• Remaining a virgin until marriage is not only realistic, but it is the standard for our family.
  • Sex is beautiful, and it is to be shared with one special person within the marriage relationship.
  • Sexually transmitted diseases are a big deal.
  • Pregnancy will change your life forever.
  • Information provided elsewhere is not always reliable. When people say sex is no big deal, they’re leaving out a lot of information.
  • Sex has a much deeper meaning than the mere physical act.
  • We are here to support you, so you don’t have to make these choices alone.
  • It is never too late to abstain.

These discussions are the beginning of providing an expectation and safe space for discussion that will help your teen stay sexually pure.

2. Provide a Positive Home Life

Research has shown over and over that a positive home life is a strong factor in the behavior of teens.

A positive home life produces teens who:

  • Achieve higher grades.
  • Are less likely to suffer from depression or suicidal thoughts.
  • Have a higher level of confidence.
  • Are less likely to use drugs or alcohol.
  • Have a greater sense of belonging.

What constitutes a positive home life?

  • Families who eat dinner together at least 5 times per week.
  • Families who play games, go on outings, or go on vacations together.
  • Families whose parents work to get along and prevent strife in the home.
  • Two-parent households.
  • Families who attend church together.
  • Parents who are present and not gone working long hours.
  • Households with well-defined rules and boundaries with clear consequences for breaking the rules.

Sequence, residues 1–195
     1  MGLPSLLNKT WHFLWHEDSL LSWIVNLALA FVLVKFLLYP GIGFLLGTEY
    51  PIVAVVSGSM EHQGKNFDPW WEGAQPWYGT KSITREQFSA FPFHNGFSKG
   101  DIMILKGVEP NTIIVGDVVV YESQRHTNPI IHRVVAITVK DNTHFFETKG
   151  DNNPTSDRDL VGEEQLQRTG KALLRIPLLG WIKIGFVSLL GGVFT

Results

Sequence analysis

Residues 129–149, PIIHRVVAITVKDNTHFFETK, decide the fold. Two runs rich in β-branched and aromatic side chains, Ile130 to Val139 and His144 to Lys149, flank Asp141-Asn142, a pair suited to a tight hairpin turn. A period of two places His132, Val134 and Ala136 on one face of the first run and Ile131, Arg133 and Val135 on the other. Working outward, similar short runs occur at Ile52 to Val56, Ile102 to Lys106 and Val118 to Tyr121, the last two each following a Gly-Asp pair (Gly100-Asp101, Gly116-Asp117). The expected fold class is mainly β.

As part of your plan for helping your teen stay sexually pure, make adjustments in your home life that will provide the solid ground on which a teenager needs to thrive. It will benefit the whole family at the same time!

3. Monitor Media Choices

Media is a bigger factor in child and teenage behavior than most people realize.

Research has found that the earlier a child is exposed to sexual content (even what may seem innocent to us on mainstream television), the earlier they become sexually active. It doesn’t have to be rated R content to be sexual in nature.

Determine to monitor media choices—not just for your teen, but for the whole family. Limit or preferably eliminate sexual content from your choices. You can get an idea about what is in a movie, television show, or video game from a resource like

You can also install a filter like Circle or NetNanny on your family’s wi-fi and apply restrictions on your teen’s smartphone from an app you control on your phone.

4. Keep Your Teen Busy

Another great way to keep your teen sexually pure is to ensure they have a full calendar. Team sports, clubs, music lessons, or part-time jobs are all great ways for teens to learn, grow, and keep their minds and bodies focused on positive activities.